(formerly IRIN News) Journalism from the heart of crises

Press federation to press charges against killers of slain journalist

[Lebanon] Car bomb in which Gebran Tueini, editor in chief of leading Lebanese daily Al-Nahar was killed. [Date picture taken: 12/04/2005]
Mahmoud Kheir/IRIN

The Lebanese Press Federation announced it would press murder charges against those involved in the killing of journalist and Member of Parliament Gebran Tueini, who died in a car-bomb attack on 12 December 2005 in the capital, Beirut.

According to a statement, federation president Mohammad Baalbaki commissioned has lawyers to "file a lawsuit against everyone which the investigation proves to be a perpetrator, accomplice, instigator or participant in this hideous crime."

As editor-in-chief of independent daily Al-Nahar and a vocal anti-Syrian human rights advocate, Tueini "became a target to the enemies of free opinion," the federation stated.

The lawsuit comes in addition to the legal case filed by Tueini’s family.

"Under Lebanese law, all parties who consider themselves morally harmed by Tueini's killing have the right to file a lawsuit," said Ibrahim Halawi, a legal advisor for the federation.

A 40-year-old Syrian man, Abdel-Karim Abdel-Qader, present at the site of Tueini’s assassination, was arrested a week ago in connection with the killing, police sources in Beirut said. The Lebanese judiciary is currently investigating phone calls he allegedly made to Syria and Lebanon minutes before and after the blast.

"We suspect he called Syria to inform them of Tueini's location, then called a Lebanese number belonging to the person in charge of triggering the explosion, and then to Syria to report the result," said a police source.

Tueini had relentlessly accused Syria of plotting to undermine Lebanon and recover its control of the country, media reports said.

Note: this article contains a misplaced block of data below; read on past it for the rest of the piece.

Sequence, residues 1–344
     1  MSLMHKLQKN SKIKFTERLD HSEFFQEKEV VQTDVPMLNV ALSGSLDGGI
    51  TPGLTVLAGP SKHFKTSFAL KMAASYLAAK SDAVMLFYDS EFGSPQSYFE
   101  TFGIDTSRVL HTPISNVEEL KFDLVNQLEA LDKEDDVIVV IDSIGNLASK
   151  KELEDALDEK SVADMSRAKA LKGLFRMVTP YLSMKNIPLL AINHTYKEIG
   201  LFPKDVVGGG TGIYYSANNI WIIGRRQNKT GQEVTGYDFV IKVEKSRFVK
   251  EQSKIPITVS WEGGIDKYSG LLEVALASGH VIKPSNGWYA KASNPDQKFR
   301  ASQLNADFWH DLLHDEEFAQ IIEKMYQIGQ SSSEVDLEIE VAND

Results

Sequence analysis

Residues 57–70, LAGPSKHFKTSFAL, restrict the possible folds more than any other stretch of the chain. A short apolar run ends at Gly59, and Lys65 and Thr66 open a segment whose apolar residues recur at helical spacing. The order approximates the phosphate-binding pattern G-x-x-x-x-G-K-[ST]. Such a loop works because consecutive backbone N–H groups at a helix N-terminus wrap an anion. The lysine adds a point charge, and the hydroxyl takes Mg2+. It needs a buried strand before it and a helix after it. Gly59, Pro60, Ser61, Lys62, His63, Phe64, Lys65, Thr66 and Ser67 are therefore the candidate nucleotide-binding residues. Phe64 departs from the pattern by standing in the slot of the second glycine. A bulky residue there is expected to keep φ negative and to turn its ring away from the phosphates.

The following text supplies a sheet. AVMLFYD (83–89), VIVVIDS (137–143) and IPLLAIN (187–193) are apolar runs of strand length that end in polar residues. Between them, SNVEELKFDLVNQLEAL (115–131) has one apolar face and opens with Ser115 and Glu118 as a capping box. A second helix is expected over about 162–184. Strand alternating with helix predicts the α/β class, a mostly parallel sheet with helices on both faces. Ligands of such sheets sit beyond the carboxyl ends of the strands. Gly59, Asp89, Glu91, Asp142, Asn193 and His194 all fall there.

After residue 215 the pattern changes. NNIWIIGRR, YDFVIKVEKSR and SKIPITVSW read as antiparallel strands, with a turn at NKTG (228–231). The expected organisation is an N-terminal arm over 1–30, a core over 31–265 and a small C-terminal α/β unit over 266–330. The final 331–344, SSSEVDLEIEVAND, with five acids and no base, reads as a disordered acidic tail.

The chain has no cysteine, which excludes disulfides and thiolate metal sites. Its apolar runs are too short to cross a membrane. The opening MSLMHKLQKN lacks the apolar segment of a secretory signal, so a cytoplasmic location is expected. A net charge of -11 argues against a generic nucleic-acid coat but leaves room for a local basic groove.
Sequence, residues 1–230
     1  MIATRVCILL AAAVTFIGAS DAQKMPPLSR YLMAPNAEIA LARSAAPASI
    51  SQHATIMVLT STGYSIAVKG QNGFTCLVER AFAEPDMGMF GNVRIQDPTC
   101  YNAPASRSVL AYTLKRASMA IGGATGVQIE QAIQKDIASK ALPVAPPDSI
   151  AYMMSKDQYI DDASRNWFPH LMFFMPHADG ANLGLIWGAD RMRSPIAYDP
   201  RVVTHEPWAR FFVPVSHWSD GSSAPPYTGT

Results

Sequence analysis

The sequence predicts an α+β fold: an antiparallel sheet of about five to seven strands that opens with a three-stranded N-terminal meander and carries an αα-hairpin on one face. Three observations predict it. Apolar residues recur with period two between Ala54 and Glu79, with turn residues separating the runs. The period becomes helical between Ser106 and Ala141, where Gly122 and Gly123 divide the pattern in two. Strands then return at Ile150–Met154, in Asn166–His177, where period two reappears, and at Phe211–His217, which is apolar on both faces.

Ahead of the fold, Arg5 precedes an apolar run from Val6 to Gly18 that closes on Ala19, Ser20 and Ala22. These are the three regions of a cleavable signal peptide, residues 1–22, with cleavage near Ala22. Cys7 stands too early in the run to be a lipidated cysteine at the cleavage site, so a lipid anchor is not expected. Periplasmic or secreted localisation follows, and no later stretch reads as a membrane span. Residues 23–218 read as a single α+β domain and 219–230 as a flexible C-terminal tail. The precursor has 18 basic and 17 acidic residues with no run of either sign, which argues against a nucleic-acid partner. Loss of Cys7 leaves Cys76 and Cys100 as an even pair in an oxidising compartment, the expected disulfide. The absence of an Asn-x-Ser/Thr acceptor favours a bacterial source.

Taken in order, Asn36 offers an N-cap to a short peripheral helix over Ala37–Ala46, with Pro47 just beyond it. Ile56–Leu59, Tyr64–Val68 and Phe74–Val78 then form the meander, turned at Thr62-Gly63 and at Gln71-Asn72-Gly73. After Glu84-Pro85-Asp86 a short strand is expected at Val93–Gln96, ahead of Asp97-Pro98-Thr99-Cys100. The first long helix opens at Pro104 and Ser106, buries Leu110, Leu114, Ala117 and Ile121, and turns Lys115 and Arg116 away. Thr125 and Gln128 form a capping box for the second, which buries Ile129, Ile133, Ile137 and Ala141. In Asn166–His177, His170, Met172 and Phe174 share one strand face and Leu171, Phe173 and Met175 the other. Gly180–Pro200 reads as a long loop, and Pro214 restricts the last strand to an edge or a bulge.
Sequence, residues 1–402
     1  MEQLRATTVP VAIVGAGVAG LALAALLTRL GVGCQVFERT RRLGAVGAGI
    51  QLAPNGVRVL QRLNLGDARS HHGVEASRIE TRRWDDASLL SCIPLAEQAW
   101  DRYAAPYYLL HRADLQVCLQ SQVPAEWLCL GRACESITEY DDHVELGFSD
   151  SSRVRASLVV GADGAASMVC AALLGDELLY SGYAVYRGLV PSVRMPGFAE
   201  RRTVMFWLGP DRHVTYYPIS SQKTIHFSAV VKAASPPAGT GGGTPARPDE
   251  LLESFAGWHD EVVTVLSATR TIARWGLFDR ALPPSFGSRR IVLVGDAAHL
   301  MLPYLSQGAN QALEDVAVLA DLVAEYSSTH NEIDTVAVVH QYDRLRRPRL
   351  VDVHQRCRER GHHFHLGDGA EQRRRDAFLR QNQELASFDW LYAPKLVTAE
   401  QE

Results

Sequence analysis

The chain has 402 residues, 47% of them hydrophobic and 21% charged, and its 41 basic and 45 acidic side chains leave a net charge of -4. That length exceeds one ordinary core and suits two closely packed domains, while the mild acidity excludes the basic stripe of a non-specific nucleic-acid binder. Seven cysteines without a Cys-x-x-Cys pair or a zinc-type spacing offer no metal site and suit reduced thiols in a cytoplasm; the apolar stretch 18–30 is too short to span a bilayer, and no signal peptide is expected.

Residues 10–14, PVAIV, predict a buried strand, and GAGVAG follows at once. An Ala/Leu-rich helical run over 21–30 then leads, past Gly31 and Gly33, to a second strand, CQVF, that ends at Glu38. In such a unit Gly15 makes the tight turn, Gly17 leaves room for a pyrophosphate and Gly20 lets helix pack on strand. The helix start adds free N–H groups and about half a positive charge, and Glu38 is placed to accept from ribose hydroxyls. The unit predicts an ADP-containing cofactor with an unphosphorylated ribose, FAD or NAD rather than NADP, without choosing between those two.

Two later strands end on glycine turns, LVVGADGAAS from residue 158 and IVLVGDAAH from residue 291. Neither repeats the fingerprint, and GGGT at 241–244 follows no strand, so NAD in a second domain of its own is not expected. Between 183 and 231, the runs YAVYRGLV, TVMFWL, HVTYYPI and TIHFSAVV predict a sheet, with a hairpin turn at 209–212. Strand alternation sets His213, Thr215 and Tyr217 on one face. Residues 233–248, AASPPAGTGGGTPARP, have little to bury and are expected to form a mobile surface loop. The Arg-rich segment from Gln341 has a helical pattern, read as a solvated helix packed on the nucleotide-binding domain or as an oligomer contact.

Damascus withdrew its troops from Lebanon in April 2005 in compliance with UN Security Council Resolution 1559, following mass protests in the wake of the assassination of former Lebanese Prime Minister Rafik Hariri two months earlier.

Syria had stationed troops in the country for 30 years following the Israeli invasion of Lebanon, and enjoyed de facto control over policymaking in Beirut.

An ongoing UN probe into the death of Hariri has already established that the killing “could not have happened without the knowledge of Syrian intelligence.”

Damascus, however, continues to strenuously deny the allegations, saying it is being framed for the crime by external forces.

Samir Kassir, a well known Al-Nahar columnist was killed on 2 June of last year, and former Lebanese Communist Party Secretary-General George Hawi was assassinated shortly afterward. May Chidiac, another journalist known for her anti-Syrian position, was seriously injured after a bomb blew up her car last September.

Syria has been blamed for these attacks as well, but again denies involvement.

Syrian suspects in the case can be extradited and tried in Lebanon, Halawi said.

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